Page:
Cardinal John Dew and Archbishop Philip Richardson have encouraged Kiwi Catholics and Anglicans to join them next Friday, February 23, in a day of prayer and fasting for peace, and especially for the Democratic Republic of Congo and South Sudan.
In so doing they are taking their cue from Pope Francis, who made a plea for an ecumenical day of prayer and fasting for peace on February 3 in St Peter's Square, after praying with thousands of pilgrims gathered there.
“We will offer this (day)," Pope Francis said, "in particular to the populations of the Democratic Republic of the Congo and of South Sudan.
“As on other similar occasions, I also invite non-Catholic and non-Christian brothers and sisters to participate in this initiative in the ways they consider most appropriate, but all together.
“Our heavenly Father always listens to His children who cry to Him in pain and in anguish; ‘He heals the broken-hearted and binds their wounds’ (Psalm 147, 3). I address a heartfelt appeal that we too hear this cry and, each person in his or her own conscience, before God, let us ask ourselves, ‘what can I do for peace?’.
Pope Francis' call has been endorsed by senior Anglican leaders worldwide – including by the acting Primate of the Anglican Church in South Sudan, by the Secretary General of the Anglican Communion – and by the World Council of Churches General Secretary.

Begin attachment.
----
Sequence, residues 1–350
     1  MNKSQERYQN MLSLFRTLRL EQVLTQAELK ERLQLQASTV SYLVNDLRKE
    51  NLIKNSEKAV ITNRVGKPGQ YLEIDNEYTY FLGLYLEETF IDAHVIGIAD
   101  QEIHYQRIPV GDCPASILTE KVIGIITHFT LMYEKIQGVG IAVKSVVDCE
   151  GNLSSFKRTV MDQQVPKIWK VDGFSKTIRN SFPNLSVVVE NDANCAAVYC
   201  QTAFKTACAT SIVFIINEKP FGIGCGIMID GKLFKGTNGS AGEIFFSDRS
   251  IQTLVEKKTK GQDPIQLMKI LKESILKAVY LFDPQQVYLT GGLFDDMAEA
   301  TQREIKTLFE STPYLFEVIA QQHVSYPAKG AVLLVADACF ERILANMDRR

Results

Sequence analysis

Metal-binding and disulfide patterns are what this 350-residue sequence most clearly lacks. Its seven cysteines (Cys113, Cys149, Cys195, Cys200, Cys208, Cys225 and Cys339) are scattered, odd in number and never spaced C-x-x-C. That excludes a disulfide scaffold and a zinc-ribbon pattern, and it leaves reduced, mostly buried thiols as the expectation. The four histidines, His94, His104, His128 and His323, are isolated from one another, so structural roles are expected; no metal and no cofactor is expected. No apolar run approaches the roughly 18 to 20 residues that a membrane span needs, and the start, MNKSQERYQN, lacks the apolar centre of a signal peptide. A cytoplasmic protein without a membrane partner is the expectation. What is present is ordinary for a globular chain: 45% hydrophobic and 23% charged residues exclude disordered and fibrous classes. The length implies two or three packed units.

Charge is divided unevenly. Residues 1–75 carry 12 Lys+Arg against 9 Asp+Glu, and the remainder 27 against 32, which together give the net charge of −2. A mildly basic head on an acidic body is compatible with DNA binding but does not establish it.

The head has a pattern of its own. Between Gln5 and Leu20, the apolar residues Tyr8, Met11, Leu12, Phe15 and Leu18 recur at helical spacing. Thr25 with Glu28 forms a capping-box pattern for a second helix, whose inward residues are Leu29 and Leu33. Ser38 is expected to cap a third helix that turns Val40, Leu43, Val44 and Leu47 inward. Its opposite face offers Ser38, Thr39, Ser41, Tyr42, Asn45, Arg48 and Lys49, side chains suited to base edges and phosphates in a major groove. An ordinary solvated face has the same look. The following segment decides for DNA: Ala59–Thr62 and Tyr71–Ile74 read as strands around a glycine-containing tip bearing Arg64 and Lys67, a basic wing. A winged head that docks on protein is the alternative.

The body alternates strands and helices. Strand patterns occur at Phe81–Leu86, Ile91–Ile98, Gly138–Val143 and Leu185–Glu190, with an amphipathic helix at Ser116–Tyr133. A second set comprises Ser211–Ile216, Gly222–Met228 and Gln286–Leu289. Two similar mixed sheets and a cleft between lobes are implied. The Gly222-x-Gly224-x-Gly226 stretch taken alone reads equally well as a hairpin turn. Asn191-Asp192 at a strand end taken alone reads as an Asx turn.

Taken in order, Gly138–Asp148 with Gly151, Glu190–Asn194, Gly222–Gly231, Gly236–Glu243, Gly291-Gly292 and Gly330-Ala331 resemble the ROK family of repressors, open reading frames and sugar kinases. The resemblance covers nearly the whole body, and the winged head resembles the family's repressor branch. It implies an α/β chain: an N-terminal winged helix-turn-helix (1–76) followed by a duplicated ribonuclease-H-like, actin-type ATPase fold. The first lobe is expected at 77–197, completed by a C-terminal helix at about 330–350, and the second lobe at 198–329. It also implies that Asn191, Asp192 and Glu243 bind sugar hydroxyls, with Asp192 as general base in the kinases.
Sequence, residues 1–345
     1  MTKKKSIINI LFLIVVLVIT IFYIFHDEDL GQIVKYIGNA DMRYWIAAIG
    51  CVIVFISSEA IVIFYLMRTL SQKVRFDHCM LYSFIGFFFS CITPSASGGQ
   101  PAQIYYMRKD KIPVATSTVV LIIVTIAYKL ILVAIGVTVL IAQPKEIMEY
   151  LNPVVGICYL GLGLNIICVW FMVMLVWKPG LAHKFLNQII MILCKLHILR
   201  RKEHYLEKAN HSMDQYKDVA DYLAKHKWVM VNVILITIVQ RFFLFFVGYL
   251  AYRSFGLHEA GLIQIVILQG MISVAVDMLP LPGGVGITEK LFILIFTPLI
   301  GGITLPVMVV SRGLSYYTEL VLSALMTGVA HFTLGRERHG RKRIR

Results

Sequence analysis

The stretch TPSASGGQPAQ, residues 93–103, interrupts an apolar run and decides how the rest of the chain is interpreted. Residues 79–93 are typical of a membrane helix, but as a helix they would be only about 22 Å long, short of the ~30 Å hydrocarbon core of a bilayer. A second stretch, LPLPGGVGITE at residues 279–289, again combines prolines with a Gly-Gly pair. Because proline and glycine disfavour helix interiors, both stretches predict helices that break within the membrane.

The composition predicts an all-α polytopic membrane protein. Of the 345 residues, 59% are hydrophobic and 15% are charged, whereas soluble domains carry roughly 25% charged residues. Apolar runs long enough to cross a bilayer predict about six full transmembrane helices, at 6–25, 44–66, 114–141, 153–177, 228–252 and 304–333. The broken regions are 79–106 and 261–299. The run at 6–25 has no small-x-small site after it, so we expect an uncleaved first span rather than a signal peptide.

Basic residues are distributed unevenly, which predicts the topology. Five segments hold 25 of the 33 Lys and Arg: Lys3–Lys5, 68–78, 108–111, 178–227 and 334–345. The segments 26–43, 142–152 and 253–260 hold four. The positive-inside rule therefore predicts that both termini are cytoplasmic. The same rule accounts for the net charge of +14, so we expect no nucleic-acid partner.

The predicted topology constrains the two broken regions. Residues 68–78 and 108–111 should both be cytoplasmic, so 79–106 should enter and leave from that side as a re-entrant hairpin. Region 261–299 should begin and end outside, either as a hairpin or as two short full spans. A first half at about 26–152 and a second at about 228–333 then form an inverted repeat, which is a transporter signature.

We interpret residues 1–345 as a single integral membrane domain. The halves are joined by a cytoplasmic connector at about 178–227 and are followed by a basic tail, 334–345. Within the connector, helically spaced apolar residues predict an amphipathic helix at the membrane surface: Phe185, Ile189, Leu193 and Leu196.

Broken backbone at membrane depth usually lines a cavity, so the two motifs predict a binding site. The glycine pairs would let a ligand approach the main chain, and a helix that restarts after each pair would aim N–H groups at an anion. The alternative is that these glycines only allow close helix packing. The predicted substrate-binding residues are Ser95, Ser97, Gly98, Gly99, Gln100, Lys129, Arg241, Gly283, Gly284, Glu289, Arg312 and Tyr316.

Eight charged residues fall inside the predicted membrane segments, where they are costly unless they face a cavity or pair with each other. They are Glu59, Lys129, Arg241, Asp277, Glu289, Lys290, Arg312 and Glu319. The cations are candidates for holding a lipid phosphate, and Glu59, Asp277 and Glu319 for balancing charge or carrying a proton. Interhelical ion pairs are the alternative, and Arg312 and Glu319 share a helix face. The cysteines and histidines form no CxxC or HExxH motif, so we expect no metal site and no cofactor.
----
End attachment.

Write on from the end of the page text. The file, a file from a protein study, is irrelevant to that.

And today, the call has been amplified in this part of the world, by Cardinal John Dew, Archbishop of Wellington and Metropolitan of New Zealand, and by Archbishop Philip Richardson, joint leader of the Anglican Church in Aotearoa, New Zealand and Polynesia.
They have issued an appeal to this country's Catholics and Anglicans, which reads as follows:
Dear brothers and sisters in Christ,
We write to you to add our voices to those around the world who are responding to the call from Pope Francis for a day of prayer and fasting for peace for the peoples of the Democratic Republic of the Congo and South Sudan.
We strongly encourage Catholics and Anglicans throughout Aotearoa New Zealand to join with others around the world in this growing movement of concern.
There are so many needs across God’s world that it is easy to become overwhelmed or to become immune to the cries of the suffering.
To draw our own focus and the attention of the world to two places of great need is worthy of our time and our solidarity.
Please join with us on the 23rd of February in prayer and fasting.
Cardinal John Dew
Archbishop Philip Richardson
Within the DRC, 4.3 million people are displaced and 13.1 million people will need humanitarian aid this year.
The young nation of South Sudan has known terrible conflict for four years. Two million of its people have fled the country, and about 1.9 million are internally displaced. Almost two-thirds of the remaining population of South Sudan – about seven million people – still need humanitarian help.